Working with Solaris

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I’m in the second round of Java training this week. When I walked in on Monday, I headed straight for the Solaris workstation: I figured now that I’m migrating to Linux, I could take this knowledge and sit down to any Unix box and start work. Sure enough, I’ve been able to do everything I needed to do pretty easily. While I’m not growing a beard and wearing suspenders, I am definitely starting to assume the holier-than-thou attitude of a Linux user. This operating system rocks – well, when it works. Ten years from now it’ll be ready for every desktop – but it’s definitely going to take that long.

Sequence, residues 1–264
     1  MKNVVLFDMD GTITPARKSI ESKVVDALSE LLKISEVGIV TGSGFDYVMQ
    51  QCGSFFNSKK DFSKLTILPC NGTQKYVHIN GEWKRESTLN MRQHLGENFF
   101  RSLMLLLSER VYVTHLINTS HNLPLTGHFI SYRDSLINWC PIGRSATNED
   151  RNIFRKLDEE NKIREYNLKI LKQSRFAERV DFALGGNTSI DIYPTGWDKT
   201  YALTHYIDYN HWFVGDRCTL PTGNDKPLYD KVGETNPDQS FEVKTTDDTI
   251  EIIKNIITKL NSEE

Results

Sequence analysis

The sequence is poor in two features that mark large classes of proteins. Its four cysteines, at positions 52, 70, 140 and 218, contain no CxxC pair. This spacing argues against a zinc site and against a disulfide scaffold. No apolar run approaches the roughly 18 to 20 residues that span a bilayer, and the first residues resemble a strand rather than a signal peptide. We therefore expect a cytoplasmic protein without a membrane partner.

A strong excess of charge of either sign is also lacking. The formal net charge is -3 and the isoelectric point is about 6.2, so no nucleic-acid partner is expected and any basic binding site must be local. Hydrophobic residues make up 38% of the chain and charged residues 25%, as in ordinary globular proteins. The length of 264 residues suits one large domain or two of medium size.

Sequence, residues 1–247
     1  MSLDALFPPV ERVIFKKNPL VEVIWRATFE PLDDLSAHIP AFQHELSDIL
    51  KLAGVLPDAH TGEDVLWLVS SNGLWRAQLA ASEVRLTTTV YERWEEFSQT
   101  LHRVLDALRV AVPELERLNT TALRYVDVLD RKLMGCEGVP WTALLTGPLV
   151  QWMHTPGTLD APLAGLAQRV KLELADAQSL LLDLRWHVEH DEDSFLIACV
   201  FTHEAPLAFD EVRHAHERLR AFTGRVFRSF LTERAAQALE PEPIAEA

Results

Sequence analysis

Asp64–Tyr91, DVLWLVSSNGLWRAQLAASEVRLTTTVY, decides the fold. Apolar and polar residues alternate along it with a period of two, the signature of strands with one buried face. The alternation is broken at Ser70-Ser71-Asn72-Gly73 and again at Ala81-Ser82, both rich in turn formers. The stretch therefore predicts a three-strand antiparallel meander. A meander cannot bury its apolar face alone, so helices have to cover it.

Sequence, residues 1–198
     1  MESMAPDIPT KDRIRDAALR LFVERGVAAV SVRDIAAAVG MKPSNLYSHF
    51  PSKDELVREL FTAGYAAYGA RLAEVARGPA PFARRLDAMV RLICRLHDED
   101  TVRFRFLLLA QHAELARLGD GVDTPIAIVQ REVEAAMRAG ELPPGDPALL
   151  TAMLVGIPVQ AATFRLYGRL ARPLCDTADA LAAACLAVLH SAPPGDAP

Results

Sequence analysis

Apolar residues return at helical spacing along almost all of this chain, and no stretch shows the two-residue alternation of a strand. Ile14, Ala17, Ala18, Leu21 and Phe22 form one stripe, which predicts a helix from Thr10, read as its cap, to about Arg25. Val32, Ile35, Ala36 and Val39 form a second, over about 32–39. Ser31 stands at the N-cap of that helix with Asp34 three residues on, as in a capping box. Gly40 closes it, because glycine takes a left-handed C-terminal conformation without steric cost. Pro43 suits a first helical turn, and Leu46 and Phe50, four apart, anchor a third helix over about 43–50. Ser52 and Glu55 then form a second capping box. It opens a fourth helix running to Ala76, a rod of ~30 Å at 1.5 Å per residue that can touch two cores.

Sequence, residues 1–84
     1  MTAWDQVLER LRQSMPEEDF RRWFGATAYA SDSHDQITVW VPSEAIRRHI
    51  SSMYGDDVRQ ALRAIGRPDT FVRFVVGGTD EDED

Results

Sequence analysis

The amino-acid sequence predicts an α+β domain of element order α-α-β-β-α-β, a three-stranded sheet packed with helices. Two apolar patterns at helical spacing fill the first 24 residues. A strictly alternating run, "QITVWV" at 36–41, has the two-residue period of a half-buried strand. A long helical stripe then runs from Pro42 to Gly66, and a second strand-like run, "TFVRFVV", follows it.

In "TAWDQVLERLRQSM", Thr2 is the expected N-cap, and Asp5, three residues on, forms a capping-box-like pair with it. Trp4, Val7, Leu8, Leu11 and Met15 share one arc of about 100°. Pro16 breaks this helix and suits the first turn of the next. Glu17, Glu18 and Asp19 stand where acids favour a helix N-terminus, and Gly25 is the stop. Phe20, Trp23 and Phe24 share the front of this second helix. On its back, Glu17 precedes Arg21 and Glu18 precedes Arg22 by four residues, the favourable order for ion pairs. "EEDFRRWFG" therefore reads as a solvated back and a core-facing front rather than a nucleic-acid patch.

I mentioned that to somebody and they noted, “Haven’t those Unix-style operating systems been around a lot longer than Windows? Why did Windows get so polished, so fast?” Because it aimed for the desktop first, going for easy usability rather than stability and security. Windows beat *nix to the usability milestone, but *nix beat Windows to the stability milestone. Now it’s a race for each to overcome the part they were missing.

You can’t add stability back in, but you can add usability back in. The *nix operating systems are going to win this one, but will it be enough to actually get into every desktop? Can *nix overcome Windows’ market share? Linux is technically better than Windows, but Betamax was technically better than VHS, and we know how that one went.

Am I qualified to be asking any of these questions? Of course not, but I finished with my lab exercise early. Back to work.

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  • Yeah *nix, boo Solaris. Of all the unix variants, other than HP-UX, Solaris is the worst in my opinion. I’m prepping to dump Windows myself for Linux on the desktop and OpenBSD on the servers.


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